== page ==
The insurance-linked securities (ILS) market is poised for future growth as the demand for risk transfer across the world is expected to increase, while the sophistication of the market and its investor base suggests it’s no longer a niche asset class, according to a number of ILS fund managers.
The flow of ILS capacity into the global insurance and reinsurance industry is expected to continue, with continued investor demand and sponsor appetite suggesting the space is poised for substantial long-term growth and is no longer the niche, alternative asset class of days gone by.
This is the message from a number of ILS market players that recently spoke with reinsurance broker Aon Benfield as part of the firm’s September, 2016 ILS Market Report.
During the last eight years the re/insurance and ILS space has been dealing with a near-zero interest rate environment, explains Brett Houghton, Managing Principal, Fermat Capital Management, LLC.
“ILS has experienced significant growth during this time as the asset class provides attractive risk adjusted returns without expected loss correlation to financial assets.
“We expect investor interest to continue to expand into the future as ILS has developed beyond a niche asset class and now provides an important component of portfolio diversification for a broad range of institutional investors,” said Houghton.
Testament to the increased maturity and sophistication of the ILS investor and ILS fund/manager, Houghton feels that the asset class is no longer viewed as a niche asset class, but more of a mainstream, viable investment that adds vital diversification and uncorrelated benefits.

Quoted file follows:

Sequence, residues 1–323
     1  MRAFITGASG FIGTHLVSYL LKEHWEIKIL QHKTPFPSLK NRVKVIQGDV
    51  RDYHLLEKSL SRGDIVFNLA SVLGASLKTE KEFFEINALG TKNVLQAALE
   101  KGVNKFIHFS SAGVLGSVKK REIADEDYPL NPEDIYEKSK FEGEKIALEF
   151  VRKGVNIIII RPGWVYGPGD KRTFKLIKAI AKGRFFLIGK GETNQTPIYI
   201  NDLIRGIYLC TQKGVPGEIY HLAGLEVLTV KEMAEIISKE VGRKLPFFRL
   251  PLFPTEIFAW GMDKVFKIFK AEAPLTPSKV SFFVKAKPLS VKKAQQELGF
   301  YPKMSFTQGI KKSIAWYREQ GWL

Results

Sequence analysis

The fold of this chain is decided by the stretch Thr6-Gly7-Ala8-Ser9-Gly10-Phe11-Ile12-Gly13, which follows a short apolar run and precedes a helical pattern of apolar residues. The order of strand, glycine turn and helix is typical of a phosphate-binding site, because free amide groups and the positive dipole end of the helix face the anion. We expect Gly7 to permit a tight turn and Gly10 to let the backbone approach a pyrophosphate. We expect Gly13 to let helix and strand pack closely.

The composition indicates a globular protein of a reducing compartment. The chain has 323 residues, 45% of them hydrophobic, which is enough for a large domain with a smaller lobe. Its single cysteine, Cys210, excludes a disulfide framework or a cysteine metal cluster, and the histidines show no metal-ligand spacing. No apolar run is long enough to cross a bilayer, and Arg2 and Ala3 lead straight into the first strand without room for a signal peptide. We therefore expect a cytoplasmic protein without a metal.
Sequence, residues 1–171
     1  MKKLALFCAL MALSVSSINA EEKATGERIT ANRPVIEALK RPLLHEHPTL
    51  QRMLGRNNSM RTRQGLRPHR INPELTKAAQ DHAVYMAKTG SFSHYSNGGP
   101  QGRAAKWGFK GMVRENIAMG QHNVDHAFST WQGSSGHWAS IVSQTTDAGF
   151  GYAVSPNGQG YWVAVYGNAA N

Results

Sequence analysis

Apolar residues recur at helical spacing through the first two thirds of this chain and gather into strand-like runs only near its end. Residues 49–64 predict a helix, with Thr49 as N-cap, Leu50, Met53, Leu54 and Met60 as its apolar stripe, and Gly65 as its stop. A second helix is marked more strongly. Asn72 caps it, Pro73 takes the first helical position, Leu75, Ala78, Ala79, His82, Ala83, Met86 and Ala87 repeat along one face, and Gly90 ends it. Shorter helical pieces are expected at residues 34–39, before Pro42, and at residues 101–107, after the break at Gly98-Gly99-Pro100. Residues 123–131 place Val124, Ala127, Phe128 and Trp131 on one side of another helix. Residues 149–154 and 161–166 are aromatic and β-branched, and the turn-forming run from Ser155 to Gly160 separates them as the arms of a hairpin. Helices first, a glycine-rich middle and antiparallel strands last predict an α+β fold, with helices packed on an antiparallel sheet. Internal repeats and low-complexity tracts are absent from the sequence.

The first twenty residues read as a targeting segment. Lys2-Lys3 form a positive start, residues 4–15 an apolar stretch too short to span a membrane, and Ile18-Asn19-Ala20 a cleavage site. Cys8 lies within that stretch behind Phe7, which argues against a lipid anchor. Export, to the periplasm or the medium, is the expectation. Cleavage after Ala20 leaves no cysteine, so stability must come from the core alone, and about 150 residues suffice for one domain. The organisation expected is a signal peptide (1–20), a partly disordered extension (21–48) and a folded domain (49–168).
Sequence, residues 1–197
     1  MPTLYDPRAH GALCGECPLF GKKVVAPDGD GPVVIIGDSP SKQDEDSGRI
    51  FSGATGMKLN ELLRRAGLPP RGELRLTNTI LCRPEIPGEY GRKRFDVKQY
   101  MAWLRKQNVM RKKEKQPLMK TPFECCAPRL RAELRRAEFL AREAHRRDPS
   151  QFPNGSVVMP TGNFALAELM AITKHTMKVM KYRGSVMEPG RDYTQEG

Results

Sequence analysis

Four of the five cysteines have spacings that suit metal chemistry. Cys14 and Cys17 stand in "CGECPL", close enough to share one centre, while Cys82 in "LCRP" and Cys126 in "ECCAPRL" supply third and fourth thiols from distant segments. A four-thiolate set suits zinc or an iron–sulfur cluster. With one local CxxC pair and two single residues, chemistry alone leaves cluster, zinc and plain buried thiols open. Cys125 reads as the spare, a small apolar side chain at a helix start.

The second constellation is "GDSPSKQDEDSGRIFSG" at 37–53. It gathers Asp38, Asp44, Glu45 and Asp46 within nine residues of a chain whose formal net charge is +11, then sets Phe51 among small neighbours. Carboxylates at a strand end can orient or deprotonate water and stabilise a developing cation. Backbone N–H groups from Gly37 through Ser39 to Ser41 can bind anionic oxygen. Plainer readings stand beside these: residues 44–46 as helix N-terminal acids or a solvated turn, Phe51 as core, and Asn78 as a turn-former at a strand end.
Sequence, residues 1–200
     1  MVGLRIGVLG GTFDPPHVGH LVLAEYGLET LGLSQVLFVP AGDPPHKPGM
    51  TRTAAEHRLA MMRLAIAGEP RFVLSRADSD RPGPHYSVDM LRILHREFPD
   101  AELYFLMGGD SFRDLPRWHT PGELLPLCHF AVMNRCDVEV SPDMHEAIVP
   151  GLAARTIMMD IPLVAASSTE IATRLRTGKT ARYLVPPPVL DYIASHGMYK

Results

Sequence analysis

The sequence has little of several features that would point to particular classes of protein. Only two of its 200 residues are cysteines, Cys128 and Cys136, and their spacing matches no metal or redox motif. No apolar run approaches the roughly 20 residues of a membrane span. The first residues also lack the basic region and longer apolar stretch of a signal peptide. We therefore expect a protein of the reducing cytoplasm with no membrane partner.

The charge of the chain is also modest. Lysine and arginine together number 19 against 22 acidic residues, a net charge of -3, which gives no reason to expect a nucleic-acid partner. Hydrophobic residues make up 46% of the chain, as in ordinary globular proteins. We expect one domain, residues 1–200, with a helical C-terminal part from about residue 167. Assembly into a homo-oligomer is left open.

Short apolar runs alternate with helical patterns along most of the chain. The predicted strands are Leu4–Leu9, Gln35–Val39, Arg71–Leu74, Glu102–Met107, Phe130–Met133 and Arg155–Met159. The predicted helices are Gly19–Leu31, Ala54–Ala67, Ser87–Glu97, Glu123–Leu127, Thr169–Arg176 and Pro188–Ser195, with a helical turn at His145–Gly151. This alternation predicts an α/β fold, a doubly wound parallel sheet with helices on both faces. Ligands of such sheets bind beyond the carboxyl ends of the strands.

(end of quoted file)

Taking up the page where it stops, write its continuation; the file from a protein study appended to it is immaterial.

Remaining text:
Broader insurance and reinsurance market headwinds and the resulting softening market cycle have undoubtedly impacted the ILS space, contributing to lower returns, reduced cat bond issuance, and ultimately a slowdown in ILS market growth.
That being said, and as highlighted by Aon Securities earlier this year, the reach and depth of alternative reinsurance capital continues to grow, just at a slower pace than in the last few years and as varied sub-sectors going through their own cycles, such as the rise of collateralised reinsurance during a time of compressed cat bond issuance.
Robert Lindblom, Chief Executive Officer (CEO) and Partner of Entropics Asset Management AB, commented on the benefits ILS brings to investors, noting that further growth is very likely for the space.
“We believe that most investors turn to ILS products because of the uncorrelated nature of the asset class, rather than the generally low interest rates. Compared to many other alternatives and lowly-correlated asset classes, ILS products have an advantage in being fundamentally uncorrelated and having a built-in protection against inflation and increasing interest rates, as the collateral is invested in short-term money market instruments,” said Lindblom.
The demand for ILS investments from capital markets investors appears to remain strong, and industry leaders that spoke to Aon Benfield suggest that this will continue in both the near and long-term.
The low correlation and diversification benefits seem to be keeping investor appetite for ILS high, despite returns falling when compared to previous years, suggesting that the market is no longer a niche investment for institutional investors, but a viable, and sound component of their overall investment portfolio.
Looking forward, Daniel Ineichen, Fund Manager, ILS, Schroders, said; “It is important to have the capital market segments being considered as long term capital and not an opportunistic play. Also, it should not be considered as a play for peak risks only. Hence, it needs to be nourished throughout the cycle.”
While Gregor Gawron, Head of ILS at Lombard Odier Investment Managers, concluded; “The growth in world population and the increased wealth accumulation in exposed regions will certainly lead to a greater demand for protection in the long term. In one way or another, this trend will have a positive spillover effect into the ILS market. In the near term, assuming no major events and continued low to negative interest rates regime, I see a saturation coupled with some sort of wait and see condition.”